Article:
EEOC sues AMC for discrimination
By James Smith
An Equal Employment Opportunity Commission, EEOC, news release dated Sept. 25 declared the agency has filed suit in federal court against Mexico’s Audrain Medical Center.
The suit charges that AMC violated federal law by refusing to provide a reasonable accommodation to one of its nurses, who was suffering from neuralgia and then firing her because of the disability.
The nurse, Cynthia Hodges, who had worked for Audrain for 17 years, had neuralgia and returned from leave authorized under the Family and Medical Leave Act of 1993, FMLA, with a 10-pound lifting restriction for a six-week period.
When AMC refused to accommodate her restrictions, Hodges requested additional unpaid leave for six weeks as an accommodation for her disability.
AMC’s chief executive officer David Neuendorf responded to the law suit. “We were disappointed to learn of the recent disability discrimination suit filed by the EEOC against AMC.”
An EEOC news release said accommodation would have allowed her to return to work without restrictions on June 2, 2009. The release said AMC refused to grant Hodges the additional leave or to explore any other accommodations, without explanation, and ultimately terminated her.
“Actions speak louder than words,” said EEOC Regional Attorney Barbara Seely. “The company refused to explain why it could not grant a 17-year employee an additional six weeks of unpaid leave. It obviously would not have created a staff shortage, because Ms. Hodges was not replaced until well after her contemplated return-to-work date.”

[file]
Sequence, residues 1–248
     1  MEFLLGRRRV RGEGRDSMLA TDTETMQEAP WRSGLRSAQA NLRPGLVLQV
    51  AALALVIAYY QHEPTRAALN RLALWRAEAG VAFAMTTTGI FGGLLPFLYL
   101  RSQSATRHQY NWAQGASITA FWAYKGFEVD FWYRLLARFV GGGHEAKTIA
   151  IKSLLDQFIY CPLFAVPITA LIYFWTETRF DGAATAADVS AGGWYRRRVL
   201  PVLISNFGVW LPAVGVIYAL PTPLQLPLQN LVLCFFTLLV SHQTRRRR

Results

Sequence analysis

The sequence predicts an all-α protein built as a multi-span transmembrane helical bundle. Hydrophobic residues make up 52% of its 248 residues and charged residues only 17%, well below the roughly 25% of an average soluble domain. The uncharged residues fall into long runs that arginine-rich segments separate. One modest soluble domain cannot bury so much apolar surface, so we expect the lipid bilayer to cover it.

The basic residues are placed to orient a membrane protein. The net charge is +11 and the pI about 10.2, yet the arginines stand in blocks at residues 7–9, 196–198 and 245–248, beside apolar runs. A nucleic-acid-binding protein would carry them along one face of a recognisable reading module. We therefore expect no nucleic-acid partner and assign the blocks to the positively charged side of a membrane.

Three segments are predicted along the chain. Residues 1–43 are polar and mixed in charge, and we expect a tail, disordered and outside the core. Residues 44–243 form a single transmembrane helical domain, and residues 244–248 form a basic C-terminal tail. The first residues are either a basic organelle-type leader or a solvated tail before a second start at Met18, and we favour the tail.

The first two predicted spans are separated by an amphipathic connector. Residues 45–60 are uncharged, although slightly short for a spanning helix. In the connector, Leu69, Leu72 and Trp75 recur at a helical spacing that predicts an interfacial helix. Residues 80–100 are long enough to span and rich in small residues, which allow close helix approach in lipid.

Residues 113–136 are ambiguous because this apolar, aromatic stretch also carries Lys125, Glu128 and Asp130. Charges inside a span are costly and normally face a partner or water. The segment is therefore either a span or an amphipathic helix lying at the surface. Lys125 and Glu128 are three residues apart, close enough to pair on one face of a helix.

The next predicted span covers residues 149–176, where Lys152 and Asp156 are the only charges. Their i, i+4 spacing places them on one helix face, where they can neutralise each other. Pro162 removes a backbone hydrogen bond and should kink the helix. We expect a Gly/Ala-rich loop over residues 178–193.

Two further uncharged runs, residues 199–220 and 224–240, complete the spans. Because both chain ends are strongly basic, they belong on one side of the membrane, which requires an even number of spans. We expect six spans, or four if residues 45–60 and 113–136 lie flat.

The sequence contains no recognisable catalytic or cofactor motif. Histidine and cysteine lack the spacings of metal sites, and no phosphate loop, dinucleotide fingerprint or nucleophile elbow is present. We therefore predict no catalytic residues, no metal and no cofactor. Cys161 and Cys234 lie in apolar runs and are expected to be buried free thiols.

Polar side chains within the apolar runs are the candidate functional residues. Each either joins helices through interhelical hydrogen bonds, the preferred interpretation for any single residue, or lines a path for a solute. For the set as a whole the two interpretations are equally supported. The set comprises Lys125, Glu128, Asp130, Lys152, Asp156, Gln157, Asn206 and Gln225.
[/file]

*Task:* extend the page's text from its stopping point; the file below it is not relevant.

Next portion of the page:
The Americans with Disabilities Act (ADA) protects employees from discrimination based upon their disability.
The EEOC filed suit in U.S. District Court for the Eastern District of Missouri (Case No. 2:12-CV-00073) after first attempting to reach a pre-litigation settlement through its conciliation process.
Audrain Medical Center employs approximately 500 people and serves primarily Mexico, Audrain County and surrounding communities.
“It was unfortunate the employee in question was physically unable to perform the basic requirements of her job,” Neuendorf said. “At the time of her termination her restrictions could not be reasonably accommodated. It was not safe for her or our patients to allow her to return to work.”
He said Audrain Medical Center complied with the law and followed its policies and procedures in this matter.
“We believe this suit is without merit and we look forward to the opportunity to defend our actions in a court of law.”
Regarding possible wider implications of the issue, Neuendorf also said
“The lawsuit will have no impact on our efforts to affiliate with a larger health care system.”